The dangers of sitting – the truth behind the catchy headlines

I must admit that I am sitting as I write this ( cue the horror music). Since sitting has gotten such a bad rap these past few weeks I felt it was important to look past the looming headlines and see from a more technical and physiological standpoint why chronic sitting is bad for our bodies. Let’s look at the image below and break it down to understand what is going on when we sit.

Here is a link to the site in case this picture is unclear – It is worth the read! :

chronic sitting skeleton2


1. Forward neck: Leaning your neck forward (this is also common while we are texting or surfing the internet on our phones) gets your cervical vertebrae out of alignment causing neck stiffness and pain.

chrinic stiing walking skeleton

2. Rounded spine: This is more than just temporary bad posture. Sitting like this for long periods compresses your disks and hinders blood flow. Over time collagen can harden in the tendons and ligaments and actually start to make this your permanent posture.

3. Inactive core muscles: There is no real need for you core muscles to fire when you are sitting. In this position your abs relax and the muscles in your low back tighten creating lordosis or swayback – an unnatural and exaggerated curve in your low back and a protruding abdomen.

4. Tight hips and inactive glutes: The constant hip flexion in a seated position will make your hip flexors very tight, and like your core the glutes have no real need to activate-  you are sitting on them after all :).

5. Low back pressure: Think about the pressure your upper body is putting on your lower back as you sit. Everything compressed and adding force to your lumbar region. It’s no wonder 80% of Americans complain of low back pain at some point.

  Aside from the mechanical problems our bodies face while sitting too much there are a couple of more physical reactions I find more disturbing.

Prolonged sitting reduces the enzyme (lipoprotein lipase) in our bodies. It’s job is to remove fat from our bloodstream. The less we move the less this enzyme is working.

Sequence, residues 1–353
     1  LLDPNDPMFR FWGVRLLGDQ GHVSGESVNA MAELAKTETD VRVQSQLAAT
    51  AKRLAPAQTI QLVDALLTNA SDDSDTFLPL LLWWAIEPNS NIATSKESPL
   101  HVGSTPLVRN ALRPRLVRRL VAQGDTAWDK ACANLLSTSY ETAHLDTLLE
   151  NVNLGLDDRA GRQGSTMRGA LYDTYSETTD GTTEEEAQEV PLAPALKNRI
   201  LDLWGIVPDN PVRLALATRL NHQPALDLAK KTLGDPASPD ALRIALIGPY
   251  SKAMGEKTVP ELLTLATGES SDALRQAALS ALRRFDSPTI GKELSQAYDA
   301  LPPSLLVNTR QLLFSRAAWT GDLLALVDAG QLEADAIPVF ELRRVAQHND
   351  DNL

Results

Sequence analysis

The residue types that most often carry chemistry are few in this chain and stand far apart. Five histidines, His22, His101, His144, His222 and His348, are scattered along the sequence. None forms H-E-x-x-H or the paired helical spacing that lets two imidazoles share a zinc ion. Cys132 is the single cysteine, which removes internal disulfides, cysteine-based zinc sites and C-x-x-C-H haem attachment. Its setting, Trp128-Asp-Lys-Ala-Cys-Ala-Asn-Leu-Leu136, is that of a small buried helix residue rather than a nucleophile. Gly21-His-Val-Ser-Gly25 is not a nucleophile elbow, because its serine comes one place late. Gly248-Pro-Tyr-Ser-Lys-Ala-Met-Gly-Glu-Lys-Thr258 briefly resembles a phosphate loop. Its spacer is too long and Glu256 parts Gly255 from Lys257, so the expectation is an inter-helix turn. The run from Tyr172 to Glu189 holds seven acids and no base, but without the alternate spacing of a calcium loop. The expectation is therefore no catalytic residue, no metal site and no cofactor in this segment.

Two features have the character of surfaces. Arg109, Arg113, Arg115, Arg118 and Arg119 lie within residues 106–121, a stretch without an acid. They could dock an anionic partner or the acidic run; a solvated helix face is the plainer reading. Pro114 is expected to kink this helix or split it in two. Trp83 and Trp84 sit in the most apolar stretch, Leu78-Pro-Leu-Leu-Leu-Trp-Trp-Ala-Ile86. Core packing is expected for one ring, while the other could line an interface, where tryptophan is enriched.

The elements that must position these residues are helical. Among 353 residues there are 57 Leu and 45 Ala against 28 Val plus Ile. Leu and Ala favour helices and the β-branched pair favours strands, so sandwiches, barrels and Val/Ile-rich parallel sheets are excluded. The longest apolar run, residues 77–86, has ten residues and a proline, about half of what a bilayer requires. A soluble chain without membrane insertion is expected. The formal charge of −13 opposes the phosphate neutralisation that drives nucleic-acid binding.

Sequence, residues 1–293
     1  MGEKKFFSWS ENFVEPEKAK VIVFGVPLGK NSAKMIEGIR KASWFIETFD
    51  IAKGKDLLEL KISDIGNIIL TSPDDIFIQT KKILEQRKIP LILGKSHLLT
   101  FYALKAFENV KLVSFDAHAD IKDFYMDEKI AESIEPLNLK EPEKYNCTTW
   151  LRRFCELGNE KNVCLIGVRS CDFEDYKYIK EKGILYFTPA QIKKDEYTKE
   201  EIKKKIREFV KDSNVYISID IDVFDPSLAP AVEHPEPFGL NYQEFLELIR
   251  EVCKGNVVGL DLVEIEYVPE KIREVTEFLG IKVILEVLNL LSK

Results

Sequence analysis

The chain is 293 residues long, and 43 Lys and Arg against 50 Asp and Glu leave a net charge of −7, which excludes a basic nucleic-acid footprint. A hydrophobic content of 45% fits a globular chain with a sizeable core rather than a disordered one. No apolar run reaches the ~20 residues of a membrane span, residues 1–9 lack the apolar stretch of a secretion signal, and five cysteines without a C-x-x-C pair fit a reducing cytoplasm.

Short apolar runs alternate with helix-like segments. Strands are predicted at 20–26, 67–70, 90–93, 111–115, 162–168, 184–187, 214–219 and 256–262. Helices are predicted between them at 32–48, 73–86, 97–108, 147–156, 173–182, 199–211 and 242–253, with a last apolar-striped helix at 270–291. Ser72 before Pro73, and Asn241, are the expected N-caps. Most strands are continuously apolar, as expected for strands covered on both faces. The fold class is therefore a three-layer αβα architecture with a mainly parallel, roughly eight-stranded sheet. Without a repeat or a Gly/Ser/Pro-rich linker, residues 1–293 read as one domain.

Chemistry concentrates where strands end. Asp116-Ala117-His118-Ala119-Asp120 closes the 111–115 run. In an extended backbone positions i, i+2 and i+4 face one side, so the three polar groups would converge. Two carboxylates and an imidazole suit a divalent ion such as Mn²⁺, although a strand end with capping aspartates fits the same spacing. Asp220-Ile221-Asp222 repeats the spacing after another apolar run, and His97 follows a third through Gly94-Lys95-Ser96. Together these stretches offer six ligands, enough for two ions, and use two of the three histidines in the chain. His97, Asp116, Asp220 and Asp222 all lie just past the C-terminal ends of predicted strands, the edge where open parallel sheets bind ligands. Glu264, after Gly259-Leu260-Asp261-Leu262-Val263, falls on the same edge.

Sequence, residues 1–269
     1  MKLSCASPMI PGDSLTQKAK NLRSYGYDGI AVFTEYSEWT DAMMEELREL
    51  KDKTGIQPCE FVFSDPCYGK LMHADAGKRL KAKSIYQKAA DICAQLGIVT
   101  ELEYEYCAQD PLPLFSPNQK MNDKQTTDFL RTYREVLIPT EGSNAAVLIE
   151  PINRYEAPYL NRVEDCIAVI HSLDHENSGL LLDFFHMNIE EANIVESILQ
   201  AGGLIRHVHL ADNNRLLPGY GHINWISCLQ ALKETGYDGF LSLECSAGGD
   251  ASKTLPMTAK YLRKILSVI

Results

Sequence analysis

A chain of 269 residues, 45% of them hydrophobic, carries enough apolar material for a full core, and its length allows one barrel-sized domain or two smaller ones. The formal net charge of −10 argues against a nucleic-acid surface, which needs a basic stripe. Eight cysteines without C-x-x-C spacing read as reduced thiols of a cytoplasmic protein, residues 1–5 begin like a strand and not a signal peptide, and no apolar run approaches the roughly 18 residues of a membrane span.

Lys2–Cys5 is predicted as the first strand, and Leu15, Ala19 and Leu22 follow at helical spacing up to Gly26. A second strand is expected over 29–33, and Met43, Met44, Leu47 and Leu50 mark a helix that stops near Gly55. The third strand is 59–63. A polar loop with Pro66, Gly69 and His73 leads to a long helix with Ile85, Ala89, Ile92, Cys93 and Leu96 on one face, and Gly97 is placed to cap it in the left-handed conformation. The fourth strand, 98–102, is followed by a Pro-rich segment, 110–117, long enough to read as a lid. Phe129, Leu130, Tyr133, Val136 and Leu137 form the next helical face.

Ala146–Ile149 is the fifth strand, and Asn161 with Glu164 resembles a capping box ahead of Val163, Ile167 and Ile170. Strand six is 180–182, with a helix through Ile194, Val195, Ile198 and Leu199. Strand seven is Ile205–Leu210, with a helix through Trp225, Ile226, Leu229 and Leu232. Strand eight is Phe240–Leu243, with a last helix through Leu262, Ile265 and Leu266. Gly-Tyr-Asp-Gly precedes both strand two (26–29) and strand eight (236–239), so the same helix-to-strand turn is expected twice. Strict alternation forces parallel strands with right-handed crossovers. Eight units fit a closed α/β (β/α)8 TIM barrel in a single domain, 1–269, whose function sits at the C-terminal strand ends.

Along with that a gene in the body that regulates inflammation and blood clotting is turned off when we are motionless. 

Are you standing now ?

Now that we know why prolonged sitting is bad for us, what can we do to help ourselves in this world of computers and cubicles?

First, notice I said PROLONGED sitting. It is ok to sit once in awhile – I am still sitting actually.However I do take breaks and stand and move. If you stood in the same position all day that wouldn’t be great either. Your body needs to move.

The prescription here is simple – don’t stay in any position for a long time. If you have a desk job, sit some, stand some (standing desks are great – my husband just go one), take a walk around the office or outside for a few minutes every 30-60 min. Close your door (you wouldn’t want to start a revolution in your office 😉 ) and do some body weight squats or walk/jog in place for a couple of minutes and do a few stretches. If you are really motivated get some handweights and do some squat with overhead press or lunges with a lateral shoulder raise to get the blood really flowing.See pics:squat preslunge with lateral raise

These moves do not need to be an official workout – just a way to keep your muscles active and awake!

Also make sure your desk chair is ergonomic and does not put you in a slumped and unsupported position. Try to move around in your chair as you sit as well.

Moving every 30 min or so will not only keep your metabolism humming and give you better posture, it will make you think more clearly. It is easy to get into “brain fog” after sitting too long.

Soon moving and fidgeting will become a habit, and you will wonder how you ever sat there like a statue for hours. 

So get moving!


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